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It’s alive! But what is it?

Posted by on July 5th, 2018

Iain Martyn & Tatiane Kanno share their experiences of the discovery of the human organizer   “It’s alive!”     Iain’s first impressions   “Hybrid human chicken embryos: HALF HUMAN – HALF CHICKEN abomination created in US lab” was my favourite headline reporting on our work1.  While the headline and accompanying article managed to miss the[…]

The people behind the papers – Sabrina Jan, Tinke Vormer, Sjoerd Repping & Ans MM van Pelt

Posted by on October 18th, 2017

During spermatogenesis, progenitor cells must undergo tightly regulated changes to produce functional gametes. However, the genetic control of this process in humans has eluded researchers. This week we feature a paper published in the latest issue of Development that describes the changing genetic expression of cell during spermatogenesis. The co-first authors Sabrina Jan and Tinke[…]

A New Way To Look At Human Development

Posted by on March 29th, 2017

  Throughout history, the desire of scientists to understand physiology and disease by thoroughly studying anatomical features, has always faced an intractable limitation: they cannot simply see through the tissue! Dissection has therefore been the modus operandi of anatomists: from Galen’s pioneering studies, to modern day biologists who routinely section tissues to label structures for[…]

The 3D atlas of human development

Posted by on November 28th, 2016

“It’s fair to say that we currently know more about the moon than about our own embryonic development. The current textbooks all show the same kind of images based on a few embryonic specimens from the 1930s. Some of those are not even human embryos. New version of these books keep using those images, often[…]

Editorial- Closing the circle: from organoids back to development

Posted by on March 15th, 2016

This editorial was written by Melissa Little and first appeared in Development.   Organogenesis is an inherently fascinating developmental process. It requires the creation of complex form and function from a collection of distinct cell types, all of which come together without a template. To achieve this, cells within the developing organ undergo differentiation, migration,[…]

From Stem Cells to Human Development- applications open!

Posted by on February 24th, 2016

  In 2014, Development organised a very successful meeting on how the use of stem cell technologies can inform our understanding of human development (you can read about it here or watch the movie below). The next edition of this meeting will take place in the USA this September and applications are now open! The deadline for[…]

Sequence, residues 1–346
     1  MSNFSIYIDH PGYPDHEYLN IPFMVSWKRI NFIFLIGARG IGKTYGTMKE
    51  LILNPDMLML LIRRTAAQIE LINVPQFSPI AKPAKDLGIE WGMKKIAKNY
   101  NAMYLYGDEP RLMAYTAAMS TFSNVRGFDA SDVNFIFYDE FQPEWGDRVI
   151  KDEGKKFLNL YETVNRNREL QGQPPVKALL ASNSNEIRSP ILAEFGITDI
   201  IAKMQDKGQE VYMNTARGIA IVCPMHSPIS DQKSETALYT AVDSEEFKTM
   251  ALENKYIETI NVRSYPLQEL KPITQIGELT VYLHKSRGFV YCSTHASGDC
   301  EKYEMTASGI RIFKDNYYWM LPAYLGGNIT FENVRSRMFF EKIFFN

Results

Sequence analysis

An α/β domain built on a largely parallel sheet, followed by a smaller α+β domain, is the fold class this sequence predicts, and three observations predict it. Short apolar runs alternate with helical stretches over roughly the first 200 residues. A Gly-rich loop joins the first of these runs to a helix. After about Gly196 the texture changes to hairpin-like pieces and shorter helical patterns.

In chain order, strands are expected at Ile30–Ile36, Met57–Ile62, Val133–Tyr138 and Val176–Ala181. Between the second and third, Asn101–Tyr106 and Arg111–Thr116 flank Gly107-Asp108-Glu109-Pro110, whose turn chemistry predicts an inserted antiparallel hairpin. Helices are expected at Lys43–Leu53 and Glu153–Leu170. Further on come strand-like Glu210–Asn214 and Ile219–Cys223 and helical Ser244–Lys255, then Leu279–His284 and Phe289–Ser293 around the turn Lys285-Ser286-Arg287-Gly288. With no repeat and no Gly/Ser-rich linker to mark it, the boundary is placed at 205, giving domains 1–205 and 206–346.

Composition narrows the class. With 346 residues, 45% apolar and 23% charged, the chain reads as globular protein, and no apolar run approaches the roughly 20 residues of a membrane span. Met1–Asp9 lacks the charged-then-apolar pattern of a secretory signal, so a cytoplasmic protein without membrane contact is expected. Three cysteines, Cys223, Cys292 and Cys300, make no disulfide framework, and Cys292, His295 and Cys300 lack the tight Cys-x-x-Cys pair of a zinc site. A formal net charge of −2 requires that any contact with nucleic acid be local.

Does (brain) size matter?

Posted by on October 30th, 2015

Chris Puhl and Rebecca McIntosh   As a part of a team of students from the MRC Centre for Developmental Neurobiology, Kings College London we commissioned and edited an issue of The Biochemical Society’s magazine, The Biochemist. The issue is entitled ‘What makes us human’ and is a discussion of the evolutionary steps that lead to[…]

Enabling research with human embryonic and fetal tissue resources

Posted by on September 24th, 2015

This Spotlight article was written by Dianne Gerrelli, Steven Lisgo, Andrew J. Copp and Susan Lindsay, and was first published in Development.   Congenital anomalies are a significant burden on human health. Understanding the developmental origins of such anomalies is key to developing potential therapies. The Human Developmental Biology Resource (HDBR), based in London and Newcastle, UK, was established to provide embryonic[…]

In Development this week (Vol. 142, Issue 18)

Posted by on September 22nd, 2015

Here are the highlights from the current issue of Development – our Special Issue on “Human Development”. This Special Issue brings together a collection of Reviews and Research Articles that directly address a broad range of topics in human developmental biology: from the earliest stages of human development to cellular ageing and degeneration, and from basic[…]

An interview with Austin Smith

Posted by on July 2nd, 2015

This interview was first published in Development.   Austin Smith is a stem cell and developmental biologist, who has dedicated his career to the study of pluripotency, stem cell renewal and differentiation. He is currently the Director of the Wellcome Trust MRC Cambridge Stem Cell Institute at the University of Cambridge, UK. We met him there[…]